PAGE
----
Responsive design is one of the foundations for modern web development. It is a fundamental part of user experience that allows for users to enjoy content across all devices. If your website is responsively designed, shouldn't your charts be too?

With responsive design in mind, we built media rules (similar to CSS media queries) into the newest build of ZingChart (only compatible with version 2.4.0).

What Are Media Rules?

Media Rules In the most basic sense, they are rules that state how a website should act within certain parameters. In CSS, these rules are used to change the layout and attributes of a web page based on device browser size (as illustrated in the diagram above). ZingChart media rules are used to change three things:

  • Chart Positioning

  • Chart Objects

  • JSON Attributes.

Media Rules act once they reach a break point. This is usually the maximum width you want your rule to work at.

Below is a responsive pie chart with no break points. Re-size the page. The only working responsiveness is the ratio of pie chart sizes across the board.

Implementing Media Rules

Let's move into how to execute on media rules. Our first example deals with a very simple set of pie charts. We are going set the break point at 500 pixels to change all of the background colors to white.

var myConfig1 = {  
  graphset: [
  {//pie #1
       type: 'pie', 
       backgroundColor: 'green',
       x: '0%',
       y: '0%',
       width: '25%',
       height: '100%',
       mediaRules: [
       {//changes background color to white at 500 pixels or less
         maxWidth: 500,
         backgroundColor: 'white'
       }
       ],
      series : [
        {
            values : [35]
        },
        {
            values : [65]
        }
    ]
  },
  {//pie #2
    type: 'pie', 
    backgroundColor: 'red',
    x: '25%',
    y: '0',
       width: '25%',
       height: '100%',
       mediaRules: [
       {//changes background color to white at 500 pixels or less
         maxWidth: 500,
         backgroundColor: 'white'
       }
       ],
      series : [
        {
            values : [40]
        },
        {
            values : [60]
        }
    ]
  },
  {//pie #3
    type: 'pie', 
    backgroundColor: 'black',
    x: '50%',
    y: '0',
       width: '25%',
       height: '100%',
       mediaRules: [
       {//changes background color to white at 500 pixels or less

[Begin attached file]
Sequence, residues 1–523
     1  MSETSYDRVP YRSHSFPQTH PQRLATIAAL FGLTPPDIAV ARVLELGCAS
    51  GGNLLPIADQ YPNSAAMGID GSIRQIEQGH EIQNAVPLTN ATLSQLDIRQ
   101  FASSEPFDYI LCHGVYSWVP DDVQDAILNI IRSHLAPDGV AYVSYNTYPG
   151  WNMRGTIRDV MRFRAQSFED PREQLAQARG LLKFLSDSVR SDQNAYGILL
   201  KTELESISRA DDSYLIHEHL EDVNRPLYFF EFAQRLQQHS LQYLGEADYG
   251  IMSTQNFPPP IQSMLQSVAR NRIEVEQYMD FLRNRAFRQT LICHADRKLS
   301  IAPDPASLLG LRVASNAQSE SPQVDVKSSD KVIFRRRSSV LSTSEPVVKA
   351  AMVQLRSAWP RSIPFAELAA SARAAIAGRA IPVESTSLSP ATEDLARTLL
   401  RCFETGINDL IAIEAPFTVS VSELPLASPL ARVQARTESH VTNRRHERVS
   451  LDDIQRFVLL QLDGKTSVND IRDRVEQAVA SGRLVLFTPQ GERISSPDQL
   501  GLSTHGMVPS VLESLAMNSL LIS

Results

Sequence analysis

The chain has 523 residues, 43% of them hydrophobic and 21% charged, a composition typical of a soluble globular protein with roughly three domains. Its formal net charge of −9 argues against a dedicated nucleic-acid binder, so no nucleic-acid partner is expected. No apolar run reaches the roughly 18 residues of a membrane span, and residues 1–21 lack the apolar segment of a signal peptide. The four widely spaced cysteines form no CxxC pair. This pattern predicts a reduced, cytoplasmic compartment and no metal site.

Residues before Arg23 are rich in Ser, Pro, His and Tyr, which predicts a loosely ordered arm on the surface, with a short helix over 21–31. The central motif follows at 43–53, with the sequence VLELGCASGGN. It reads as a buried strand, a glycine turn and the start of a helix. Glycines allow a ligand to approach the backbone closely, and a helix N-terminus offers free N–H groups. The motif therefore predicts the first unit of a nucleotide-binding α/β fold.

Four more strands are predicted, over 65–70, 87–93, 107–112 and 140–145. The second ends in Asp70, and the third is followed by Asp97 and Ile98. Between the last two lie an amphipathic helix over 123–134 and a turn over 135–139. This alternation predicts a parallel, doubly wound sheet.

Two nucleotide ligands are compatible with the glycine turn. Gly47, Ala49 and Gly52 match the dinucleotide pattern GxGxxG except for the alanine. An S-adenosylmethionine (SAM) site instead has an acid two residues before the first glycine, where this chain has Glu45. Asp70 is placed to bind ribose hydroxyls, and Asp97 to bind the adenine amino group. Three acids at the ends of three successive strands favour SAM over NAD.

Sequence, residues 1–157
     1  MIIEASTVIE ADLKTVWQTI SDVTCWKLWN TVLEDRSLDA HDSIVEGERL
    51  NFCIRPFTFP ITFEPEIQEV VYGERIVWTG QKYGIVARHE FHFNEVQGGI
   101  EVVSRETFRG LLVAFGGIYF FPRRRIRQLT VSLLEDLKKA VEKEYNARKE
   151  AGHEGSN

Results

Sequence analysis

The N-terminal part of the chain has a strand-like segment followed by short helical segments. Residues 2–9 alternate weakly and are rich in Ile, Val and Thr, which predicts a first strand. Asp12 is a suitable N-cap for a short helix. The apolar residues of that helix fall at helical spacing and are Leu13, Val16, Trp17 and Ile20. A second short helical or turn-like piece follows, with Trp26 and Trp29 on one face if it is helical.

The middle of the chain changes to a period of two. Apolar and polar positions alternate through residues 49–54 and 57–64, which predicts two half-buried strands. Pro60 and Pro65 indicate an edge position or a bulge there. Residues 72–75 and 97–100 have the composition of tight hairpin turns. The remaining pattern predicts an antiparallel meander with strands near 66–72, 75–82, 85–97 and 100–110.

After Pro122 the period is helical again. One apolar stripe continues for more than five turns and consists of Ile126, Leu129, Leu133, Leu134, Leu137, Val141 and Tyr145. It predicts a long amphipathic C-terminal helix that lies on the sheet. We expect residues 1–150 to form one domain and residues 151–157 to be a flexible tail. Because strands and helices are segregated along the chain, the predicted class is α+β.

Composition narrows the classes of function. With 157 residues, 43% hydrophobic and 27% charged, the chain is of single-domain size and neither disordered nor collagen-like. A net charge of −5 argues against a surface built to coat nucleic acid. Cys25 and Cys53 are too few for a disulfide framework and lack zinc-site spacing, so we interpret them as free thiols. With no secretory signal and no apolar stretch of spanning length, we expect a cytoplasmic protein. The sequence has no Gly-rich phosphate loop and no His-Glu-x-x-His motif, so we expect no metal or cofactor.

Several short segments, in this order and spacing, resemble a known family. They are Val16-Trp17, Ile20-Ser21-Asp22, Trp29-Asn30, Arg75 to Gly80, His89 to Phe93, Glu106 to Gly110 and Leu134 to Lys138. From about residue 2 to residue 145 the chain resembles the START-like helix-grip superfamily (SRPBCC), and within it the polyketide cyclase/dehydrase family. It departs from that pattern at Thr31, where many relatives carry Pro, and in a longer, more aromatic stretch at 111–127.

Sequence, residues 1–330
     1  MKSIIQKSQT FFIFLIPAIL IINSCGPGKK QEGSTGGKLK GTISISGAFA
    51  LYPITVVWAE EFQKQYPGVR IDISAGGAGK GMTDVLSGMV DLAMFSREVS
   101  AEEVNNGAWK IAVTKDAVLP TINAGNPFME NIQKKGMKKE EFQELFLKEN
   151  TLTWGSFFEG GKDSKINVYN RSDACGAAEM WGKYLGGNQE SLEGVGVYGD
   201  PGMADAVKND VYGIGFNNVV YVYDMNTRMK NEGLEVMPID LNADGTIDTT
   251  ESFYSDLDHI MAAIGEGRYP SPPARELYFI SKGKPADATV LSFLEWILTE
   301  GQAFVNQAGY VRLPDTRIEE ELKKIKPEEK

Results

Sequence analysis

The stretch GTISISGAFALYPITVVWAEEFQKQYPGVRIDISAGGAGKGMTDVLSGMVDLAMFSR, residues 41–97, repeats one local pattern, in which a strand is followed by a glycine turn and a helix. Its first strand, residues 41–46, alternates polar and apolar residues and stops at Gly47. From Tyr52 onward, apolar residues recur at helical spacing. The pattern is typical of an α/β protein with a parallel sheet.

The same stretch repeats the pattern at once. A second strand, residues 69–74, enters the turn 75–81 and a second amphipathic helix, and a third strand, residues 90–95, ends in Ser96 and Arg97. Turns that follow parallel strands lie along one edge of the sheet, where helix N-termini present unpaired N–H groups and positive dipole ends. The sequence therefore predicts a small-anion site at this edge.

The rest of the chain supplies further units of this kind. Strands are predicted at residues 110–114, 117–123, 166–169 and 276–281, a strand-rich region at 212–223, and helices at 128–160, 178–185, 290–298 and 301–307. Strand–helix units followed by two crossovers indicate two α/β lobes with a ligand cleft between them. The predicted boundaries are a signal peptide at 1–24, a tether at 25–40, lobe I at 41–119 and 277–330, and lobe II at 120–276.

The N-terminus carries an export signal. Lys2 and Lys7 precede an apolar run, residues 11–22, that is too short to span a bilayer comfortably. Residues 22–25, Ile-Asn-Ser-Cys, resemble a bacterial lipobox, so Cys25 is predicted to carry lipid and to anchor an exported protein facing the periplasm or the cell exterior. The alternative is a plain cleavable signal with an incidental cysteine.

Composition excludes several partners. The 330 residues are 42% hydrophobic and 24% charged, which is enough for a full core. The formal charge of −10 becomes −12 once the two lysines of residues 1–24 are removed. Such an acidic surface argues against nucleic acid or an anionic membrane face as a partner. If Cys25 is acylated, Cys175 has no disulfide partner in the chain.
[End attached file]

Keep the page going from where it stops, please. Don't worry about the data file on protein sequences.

maxWidth: 500,
         backgroundColor: 'white'
       }
       ],
      series : [
        {
            values : [70]
        },
        {
            values : [30]
        }
    ]
  },
  {//pie #4
    type: 'pie', 
    backgroundColor: 'gray',
    x: '75%',
    y: '0%',
       width: '25%',
       height: '100%',
       mediaRules: [
       {//changes background color to white at 500 pixels or less
         maxWidth: 500,
         backgroundColor: 'white'
       }
       ],
      series : [
        {
            values : [45]
        },
        {
            values : [55]
        }
    ]
  },
]
};
zingchart.render({  
    id : 'myChart1', 
    data : myConfig1, 
    height: '400px', 
    width: '100%' 
});

Below is what the chart will look like. The background on every pie chart now changes to white at a break point of 500px.

Media Rules In A Real Use Case

Changing background color probably wouldn't be a practical use case. However, changing positioning and size of your charts is something you may encounter.

In the example below I have added rules that change the positioning and size of the pie charts. It will now change from 4 charts in one row to two pairs of pie charts stacked on each other. Re-size the page. Notice the charts stack when you reach the break point of 500 pixels.

Inspect the code below and see the implemented changes to x & y and height & width.

var myConfig2 = {  
  graphset: [
  {//pie #1
       type: 'pie', 
       backgroundColor: 'green',
       x: '0%',
       y: '0%',
       width: '25%',
       height: '100%',
       mediaRules: [
       {//changes layout at 500 pixels or less
         maxWidth: 500,
         x: '0%',
         y: '50%',
         width: '50%',
         height: '50%',
       }
       ],
      series : [
        {
            values : [35]
        },
        {
            values : [65]
        }
    ]
  },
  {//pie #2
    type: 'pie', 
    backgroundColor: 'red',
    x: '25%',
    y: '0',
       width: '25%',
       height: '100%',
       mediaRules: [
       {//changes layout at 500 pixels or less
         maxWidth: 500,
         x: '50%',
         y: '50%',
         width: '50%',
         height: '50%',
       }
       ],
      series : [
        {
            values : [40]
        },
        {
            values : [60]
        }
    ]
  },
  {//pie #3
    type: 'pie', 
    backgroundColor: 'black',
    x: '50%',
    y: '0',
       width: '25%',
       height: '100%',